Apple unwraps iPod digital music player

Apple Computer Inc. leapt into the consumer digital device market Tuesday with the release of the iPod, a US$399 digital music player that can store up to 1,000 songs on a miniature 5G-byte hard drive.

Silver grey in color and about the size of a deck of playing cards, the iPod looks not unlike some other MP3 music players, but boasts a handful of features intended to distinguish it from the pack. Those include the hard drive, which is just 1.8 inches across and stores CD-quality music at the 160K-bps (bits per second) rate, Steve Jobs, Apple's chief executive officer, said at a launch event at the company's headquarters here.

It also uses Apple's high-speed FireWire connection technology, which loads music 30 times faster than other MP3 players on the market, Jobs said. The FireWire cable can also carry electrical current so when users plug the iPod into their computer, the battery in the device automatically recharges over the same cable.

The battery in the iPod is a rechargeable lithium polymer battery that can play 10 hours of continuous music, Jobs said.

The device is also built to work closely with Apple's iTunes digital jukebox software, version 2.0 of which was also announced Tuesday.

"This has never been done before," Jobs said, speaking of the tight integration between iPod and Apple's iTunes software. "I don't think there is another company that could do this."

The device fits with Apple's strategy to push its Mac OS X operating system as the hub for what Jobs called "the digital lifestyle." That idea, backed by other big PC makers, puts the personal computer at the center of a network of digital devices, including handheld computers, music players, and video and still digital cameras, where it acts as a central component for downloading, storing, editing and playing back files.

Apple's products for that vision so far include software like its iTunes, iDVD and iMovie products, and its desktop and laptop computers.

The iPod will be available in stores on Nov. 10 and is compatible with Mac OS 9 and OS X. The device will be available internationally at the same time, but the device's LCD (liquid crystal display) supports the English, French, German and Japanese languages, said Phil Schiller, vice president of worldwide product marketing at Apple.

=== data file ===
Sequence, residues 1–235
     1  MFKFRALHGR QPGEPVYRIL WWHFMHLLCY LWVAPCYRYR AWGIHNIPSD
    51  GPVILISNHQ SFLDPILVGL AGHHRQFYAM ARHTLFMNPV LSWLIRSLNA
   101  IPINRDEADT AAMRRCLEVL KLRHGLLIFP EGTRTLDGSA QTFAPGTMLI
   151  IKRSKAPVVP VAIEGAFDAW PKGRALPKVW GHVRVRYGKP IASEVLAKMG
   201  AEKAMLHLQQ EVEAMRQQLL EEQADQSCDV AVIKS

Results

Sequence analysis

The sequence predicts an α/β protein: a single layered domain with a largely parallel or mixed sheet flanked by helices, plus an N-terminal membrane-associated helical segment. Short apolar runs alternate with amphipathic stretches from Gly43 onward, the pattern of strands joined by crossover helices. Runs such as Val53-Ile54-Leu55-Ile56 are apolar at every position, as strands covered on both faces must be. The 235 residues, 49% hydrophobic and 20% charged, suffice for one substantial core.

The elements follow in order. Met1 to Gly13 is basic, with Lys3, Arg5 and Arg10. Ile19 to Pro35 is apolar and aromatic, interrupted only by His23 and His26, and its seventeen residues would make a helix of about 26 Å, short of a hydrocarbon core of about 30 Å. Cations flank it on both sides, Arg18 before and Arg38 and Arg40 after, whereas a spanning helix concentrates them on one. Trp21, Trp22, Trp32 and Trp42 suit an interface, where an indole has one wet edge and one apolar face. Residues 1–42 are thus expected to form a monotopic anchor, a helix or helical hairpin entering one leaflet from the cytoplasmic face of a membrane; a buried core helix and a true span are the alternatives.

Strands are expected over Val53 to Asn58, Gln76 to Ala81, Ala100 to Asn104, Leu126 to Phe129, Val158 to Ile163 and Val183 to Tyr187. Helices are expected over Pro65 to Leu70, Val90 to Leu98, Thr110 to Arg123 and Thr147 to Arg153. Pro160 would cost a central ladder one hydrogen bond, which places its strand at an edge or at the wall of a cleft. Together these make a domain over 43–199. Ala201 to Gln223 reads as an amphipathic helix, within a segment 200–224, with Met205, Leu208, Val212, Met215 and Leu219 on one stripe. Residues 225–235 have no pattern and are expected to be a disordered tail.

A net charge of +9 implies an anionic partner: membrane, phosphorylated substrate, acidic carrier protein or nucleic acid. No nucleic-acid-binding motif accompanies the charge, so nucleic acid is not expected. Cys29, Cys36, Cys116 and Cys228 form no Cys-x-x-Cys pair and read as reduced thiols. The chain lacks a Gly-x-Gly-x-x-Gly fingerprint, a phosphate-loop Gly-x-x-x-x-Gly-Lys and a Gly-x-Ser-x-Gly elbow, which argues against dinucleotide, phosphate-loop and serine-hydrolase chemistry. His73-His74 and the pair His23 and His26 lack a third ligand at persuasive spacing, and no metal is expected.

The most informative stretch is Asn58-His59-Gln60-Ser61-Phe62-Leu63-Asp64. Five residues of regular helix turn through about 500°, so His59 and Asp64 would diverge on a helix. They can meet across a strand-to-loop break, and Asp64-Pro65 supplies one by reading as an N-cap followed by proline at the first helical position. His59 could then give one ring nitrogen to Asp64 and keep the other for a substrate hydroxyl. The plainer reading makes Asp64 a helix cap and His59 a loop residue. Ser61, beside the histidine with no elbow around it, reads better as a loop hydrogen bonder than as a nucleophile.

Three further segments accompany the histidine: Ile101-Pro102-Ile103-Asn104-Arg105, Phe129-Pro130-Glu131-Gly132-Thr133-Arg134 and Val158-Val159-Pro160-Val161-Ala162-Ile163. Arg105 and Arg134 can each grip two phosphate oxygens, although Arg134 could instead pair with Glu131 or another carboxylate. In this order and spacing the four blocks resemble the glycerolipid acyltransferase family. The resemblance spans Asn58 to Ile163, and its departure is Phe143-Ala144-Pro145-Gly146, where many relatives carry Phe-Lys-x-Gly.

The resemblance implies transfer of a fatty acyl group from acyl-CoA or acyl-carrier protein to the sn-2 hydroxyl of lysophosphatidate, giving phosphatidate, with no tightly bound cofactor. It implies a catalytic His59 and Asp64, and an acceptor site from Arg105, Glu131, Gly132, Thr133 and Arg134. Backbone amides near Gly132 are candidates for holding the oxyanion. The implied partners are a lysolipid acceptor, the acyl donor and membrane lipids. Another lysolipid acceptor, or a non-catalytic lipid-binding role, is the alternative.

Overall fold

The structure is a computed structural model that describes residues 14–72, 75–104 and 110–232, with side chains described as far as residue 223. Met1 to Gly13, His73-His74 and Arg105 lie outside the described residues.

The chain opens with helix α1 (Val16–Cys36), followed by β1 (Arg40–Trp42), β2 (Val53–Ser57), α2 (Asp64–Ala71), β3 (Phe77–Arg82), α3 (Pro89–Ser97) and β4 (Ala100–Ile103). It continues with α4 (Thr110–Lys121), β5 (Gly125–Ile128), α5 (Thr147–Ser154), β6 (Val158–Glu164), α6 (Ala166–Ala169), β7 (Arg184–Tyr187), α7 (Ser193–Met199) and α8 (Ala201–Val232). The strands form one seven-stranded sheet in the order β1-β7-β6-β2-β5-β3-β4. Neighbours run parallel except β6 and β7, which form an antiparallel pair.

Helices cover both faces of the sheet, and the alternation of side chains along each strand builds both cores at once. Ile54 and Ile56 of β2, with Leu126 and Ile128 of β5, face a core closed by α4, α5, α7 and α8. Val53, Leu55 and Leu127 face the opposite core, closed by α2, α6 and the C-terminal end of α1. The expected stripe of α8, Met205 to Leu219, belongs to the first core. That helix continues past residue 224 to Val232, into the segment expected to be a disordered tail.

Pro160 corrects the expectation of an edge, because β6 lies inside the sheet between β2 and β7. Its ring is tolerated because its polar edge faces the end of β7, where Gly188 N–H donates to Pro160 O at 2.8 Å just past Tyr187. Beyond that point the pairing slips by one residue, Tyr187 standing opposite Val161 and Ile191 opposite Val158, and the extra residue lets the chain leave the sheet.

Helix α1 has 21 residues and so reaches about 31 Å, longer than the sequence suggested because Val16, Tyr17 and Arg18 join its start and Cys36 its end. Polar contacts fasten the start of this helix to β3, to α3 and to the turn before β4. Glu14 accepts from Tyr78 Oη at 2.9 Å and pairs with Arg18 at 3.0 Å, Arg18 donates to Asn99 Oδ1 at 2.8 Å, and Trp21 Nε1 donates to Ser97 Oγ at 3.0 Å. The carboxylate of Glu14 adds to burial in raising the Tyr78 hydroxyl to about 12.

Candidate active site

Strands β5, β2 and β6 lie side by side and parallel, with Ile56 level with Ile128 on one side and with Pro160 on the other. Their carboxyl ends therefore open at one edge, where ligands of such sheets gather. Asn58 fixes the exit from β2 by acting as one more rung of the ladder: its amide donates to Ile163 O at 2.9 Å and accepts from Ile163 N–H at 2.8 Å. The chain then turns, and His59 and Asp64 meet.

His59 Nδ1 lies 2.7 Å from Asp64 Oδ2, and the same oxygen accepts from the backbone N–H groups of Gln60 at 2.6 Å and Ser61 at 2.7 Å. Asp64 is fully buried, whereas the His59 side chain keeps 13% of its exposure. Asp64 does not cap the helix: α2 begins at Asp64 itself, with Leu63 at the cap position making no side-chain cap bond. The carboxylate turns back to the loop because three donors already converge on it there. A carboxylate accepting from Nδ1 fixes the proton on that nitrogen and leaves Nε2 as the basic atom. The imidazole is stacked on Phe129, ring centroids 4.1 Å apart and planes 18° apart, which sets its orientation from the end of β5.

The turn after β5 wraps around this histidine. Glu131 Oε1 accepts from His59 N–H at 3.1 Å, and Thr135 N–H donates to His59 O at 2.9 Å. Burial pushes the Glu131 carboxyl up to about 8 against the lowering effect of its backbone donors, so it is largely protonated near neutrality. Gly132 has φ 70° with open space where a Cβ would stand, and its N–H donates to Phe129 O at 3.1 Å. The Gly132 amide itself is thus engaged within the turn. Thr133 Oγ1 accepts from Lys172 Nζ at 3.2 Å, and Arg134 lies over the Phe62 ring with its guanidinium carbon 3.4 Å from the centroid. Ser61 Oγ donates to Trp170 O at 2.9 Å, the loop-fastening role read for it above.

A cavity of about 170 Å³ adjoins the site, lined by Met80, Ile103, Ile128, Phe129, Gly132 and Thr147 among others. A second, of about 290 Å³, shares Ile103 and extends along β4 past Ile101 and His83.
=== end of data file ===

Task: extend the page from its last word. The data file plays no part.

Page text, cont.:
In the longer term, Apple expects to offer a version of iPod for Windows users, but right now the company is focused on its Macintosh customers, Schiller said.

Two analysts praised the device, saying it could tempt users to upgrade to the latest version of Apple's new OS X operating system.

"They won't be able to build enough of these things," said Rob Enderle, research fellow of Giga Information Group Inc. Apple will probably struggle to manufacture enough of the devices to meet demand this holiday season, he said.

The $399 price tag is impressive, he said. Especially considering that miniature hard drives, like the one included with the iPod, are selling for as much as $400.

"The 5G-byte hard drive is extraordinary," agreed Tim Bajarin, president of Creative Strategies Inc., adding that ease of use will also make the iPod a big seller.

At a time when PC sales are on the decline, Apple isn't the first company to branch out and add digital devices to its playlist. Compaq Computer Corp. in June launched the iPaq Music Center, which includes a modem and a hard drive and sits alongside components like the receiver and CD player in a stereo stack system. Hewlett-Packard Co. followed by announcing its Digital Entertainment Center, a similar product that adds a recordable CD drive for recording custom CDs.

Other vendors including SonicBlue Inc. and Voyetra Turtle Beach Inc. have also released digital music players for the home, but both have no hard drive and connect to a home PC network to play songs.

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James Niccolai

Computerworld

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